Everyone else wanted to dismember him.
Keith Dambrot wanted to embrace him — and did, both literally and figuratively.
The drug bust involving star University of Akron point guard Alex Abreu right before the Mid-American Conference basketball tournament seemed from every conceivable angle to be an unmitigated disaster.
When police said he was with a guy who signed for a package containing five pounds of weed, even casual fans were livid.
This appeared to be the best Akron team in eons, a team with a legitimate chance to win at least a game or two in the NCAA Tournament, an event that has grown so enormous in the national consciousness that it is universally identified by the phrase “March Madness.”
Abreu’s move, if true, was not only incredibly stupid — possessing that much dope is a life-changing felony — but it also came at the worst possible time. How, people wondered, could he pull that kind of stunt now, when the whole season is coming to a climax?
But during the height of the backlash — one day after Abreu was arrested ... minutes after a disheartening regular-season loss to Kent State ... well before UA pulled itself together and won the MAC Tournament — Abreu’s coach said this to Beacon Journal sports columnist Marla Ridenour:
“I love that kid. I’m going to stick behind him. It’s my obligation to stick behind him and get him through his difficult times. ...
“It’s a hard pill to swallow for all of us. [But I told] our guys, ‘We’ve got to give him more love than we’ve ever given anybody in our life because that’s what you do to a brother who is in trouble.’
“We’re not going to try to embarrass him. We’re going to be there for him. ...
“It’s easy to be nice to people when things are going well. But it’s hard when you’re down and out.”
Wow. What an amazing, compassionate, magnanimous thing to say.
At the time, Dambrot must have felt as if his professional world were crashing down. He was looking at the potential demise of a team he probably thinks about 18 hours a day and dreams about at night, a group of young men he had spent months and months cajoling and praising and disciplining and teaching and motivating, trying to squeeze out the last ounce of its God-given talent.
Yet Keith B. Dambrot somehow managed to maintain the proper perspective.
The 54-year-old Akron native is, in short, exactly the kind of person who should be coaching college athletes. Dambrot is the best of both worlds: a rousing athletic success — seven consecutive MAC title games, a Top 25 national ranking this season — and a man who doesn’t forget basketball is a game.
So in spite of Thursday’s nuclear bomb against Virginia Commonwealth, we should be thrilled to have Dambrot in our community, representing us on the national stage.
Fortunately for us, he isn’t going anywhere. Unlike so many Division I coaches who have a great season or two and immediately jump to a bigger program for more money (example: Ohio U’s John Groce bailing for the Big Ten after reaching last year’s Sweet 16), Dambrot is not on the market. He grew up here, went to college here and plans to stay here.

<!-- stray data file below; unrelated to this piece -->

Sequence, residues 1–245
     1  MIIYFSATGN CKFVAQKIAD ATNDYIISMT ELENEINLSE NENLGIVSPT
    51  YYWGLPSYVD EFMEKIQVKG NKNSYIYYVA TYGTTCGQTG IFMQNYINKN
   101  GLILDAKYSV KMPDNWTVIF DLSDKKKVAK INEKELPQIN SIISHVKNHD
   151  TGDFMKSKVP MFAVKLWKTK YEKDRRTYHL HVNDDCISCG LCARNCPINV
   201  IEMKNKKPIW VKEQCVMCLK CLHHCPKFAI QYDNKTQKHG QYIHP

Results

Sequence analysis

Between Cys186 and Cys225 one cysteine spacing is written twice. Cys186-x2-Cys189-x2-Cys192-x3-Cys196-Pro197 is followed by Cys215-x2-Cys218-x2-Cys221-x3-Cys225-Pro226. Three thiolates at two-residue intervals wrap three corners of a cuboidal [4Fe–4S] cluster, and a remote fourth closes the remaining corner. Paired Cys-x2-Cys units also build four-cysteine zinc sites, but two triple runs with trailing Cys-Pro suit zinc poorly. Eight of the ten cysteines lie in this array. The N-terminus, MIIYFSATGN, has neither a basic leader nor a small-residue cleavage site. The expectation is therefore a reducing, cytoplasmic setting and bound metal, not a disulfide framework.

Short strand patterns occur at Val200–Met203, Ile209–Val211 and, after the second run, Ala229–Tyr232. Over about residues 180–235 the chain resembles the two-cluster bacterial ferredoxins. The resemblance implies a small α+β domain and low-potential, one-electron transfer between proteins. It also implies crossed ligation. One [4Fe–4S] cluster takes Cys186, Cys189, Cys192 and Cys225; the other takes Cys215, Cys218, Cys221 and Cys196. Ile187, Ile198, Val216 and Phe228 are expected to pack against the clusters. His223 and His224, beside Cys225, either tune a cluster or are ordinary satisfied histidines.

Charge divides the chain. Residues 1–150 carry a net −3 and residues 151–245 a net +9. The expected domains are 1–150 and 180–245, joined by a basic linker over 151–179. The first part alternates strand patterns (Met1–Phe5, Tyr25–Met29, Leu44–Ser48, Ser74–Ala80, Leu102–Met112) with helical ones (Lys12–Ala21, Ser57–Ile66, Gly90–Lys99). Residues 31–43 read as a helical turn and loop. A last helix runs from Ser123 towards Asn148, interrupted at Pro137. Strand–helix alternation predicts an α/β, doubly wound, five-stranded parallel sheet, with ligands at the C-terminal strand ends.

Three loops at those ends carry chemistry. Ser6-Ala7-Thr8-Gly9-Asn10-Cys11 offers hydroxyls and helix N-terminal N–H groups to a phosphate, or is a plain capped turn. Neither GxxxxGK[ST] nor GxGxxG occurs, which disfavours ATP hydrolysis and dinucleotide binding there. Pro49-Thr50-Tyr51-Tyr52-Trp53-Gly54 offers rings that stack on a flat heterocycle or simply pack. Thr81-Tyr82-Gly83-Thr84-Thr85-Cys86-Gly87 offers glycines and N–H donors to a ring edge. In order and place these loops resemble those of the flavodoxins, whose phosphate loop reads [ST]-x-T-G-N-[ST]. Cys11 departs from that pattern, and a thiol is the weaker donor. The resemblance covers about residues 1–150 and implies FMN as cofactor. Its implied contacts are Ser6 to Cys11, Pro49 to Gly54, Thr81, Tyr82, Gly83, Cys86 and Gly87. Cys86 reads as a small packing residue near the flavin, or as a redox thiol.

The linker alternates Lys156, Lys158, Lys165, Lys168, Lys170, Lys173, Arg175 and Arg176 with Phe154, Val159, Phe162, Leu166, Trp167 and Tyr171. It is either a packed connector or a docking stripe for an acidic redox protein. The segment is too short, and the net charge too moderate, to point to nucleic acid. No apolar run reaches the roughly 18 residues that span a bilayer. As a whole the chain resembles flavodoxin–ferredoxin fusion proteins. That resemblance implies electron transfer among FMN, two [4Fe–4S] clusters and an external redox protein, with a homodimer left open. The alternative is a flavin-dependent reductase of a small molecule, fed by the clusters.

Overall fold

If I were the parent of a Division I basketball prospect, I would certainly take note of the character of this fiery, veteran coach who said and did exactly the right things during the intense heat of a team crisis.
Turn it down!
On a lighter note ... are the people who design college basketball uniforms ingesting something far stronger than weed?
We probably shouldn’t be surprised that the most obnoxious uniforms in this year’s tourney are worn by the Oregon Ducks, who nest in the same state as Nike, whose mission in life is to bring as much attention to shoes and uniforms as is humanly possible and to keep changing colors and styles to maximize sales.
Oregon’s basketball and football teams long have been poster children for the Electric Kool-Aid Acid Test uniform trend.
But the fluorescent-green-on-fluorescent-yellow worn at times by this year’s hoops team is enough to make a person trade in his high-def TV for a 1968 black-and-white.
Even worse, heretofore bastions of respectability have caved in. How about Notre Dame wearing a neon green that makes the players look like huge leprechauns who are fighting terminal hangovers?
For many years, the University of Michigan — in spite of what Buckeyes fans might claim — was a respected institution. But ripe bananas would be embarrassed to be as yellow as this year’s Wolverines.
How about Cincinnati wearing peachy pink accents with camo shorts?
Or Baylor’s neon yellow with hints of baby-barf green?
Anyone loving Marquette’s North Carolina powder blue with epaulets?
Almost makes you long for Indiana’s boring white and red with no names on the back.
A trend to kill
Watching basketball terminology evolve can be both amusing and annoying.
Remember when a “3-ball” was the red orb on a billiards table? Back when I was heaving basketballs at the rim, that shot was known as a “3-pointer.”
I can live with that change, but I’m not sure I can live with the newest fad in basketball lingo: announcers telling us about players who can “score the basketball.”
As in, “Russ Smith can really score the basketball!”
As opposed to what, scoring the shuttlecock?
Bob Dyer can be reached at 330-996-3580 or firstname.lastname@example.org.